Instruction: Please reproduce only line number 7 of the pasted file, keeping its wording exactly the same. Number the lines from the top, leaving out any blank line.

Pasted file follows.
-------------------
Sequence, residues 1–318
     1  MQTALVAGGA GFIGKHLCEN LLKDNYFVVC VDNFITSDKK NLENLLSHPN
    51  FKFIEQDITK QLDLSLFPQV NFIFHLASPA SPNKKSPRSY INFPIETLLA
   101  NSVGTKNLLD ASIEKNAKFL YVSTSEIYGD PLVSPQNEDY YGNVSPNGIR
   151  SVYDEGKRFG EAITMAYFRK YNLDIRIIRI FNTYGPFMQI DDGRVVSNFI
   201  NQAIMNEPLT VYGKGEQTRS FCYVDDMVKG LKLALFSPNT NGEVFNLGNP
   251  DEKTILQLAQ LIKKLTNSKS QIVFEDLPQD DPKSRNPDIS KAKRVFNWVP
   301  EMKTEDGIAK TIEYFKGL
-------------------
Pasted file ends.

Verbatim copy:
   251  DEKTILQLAQ LIKKLTNSKS QIVFEDLPQD DPKSRNPDIS KAKRVFNWVP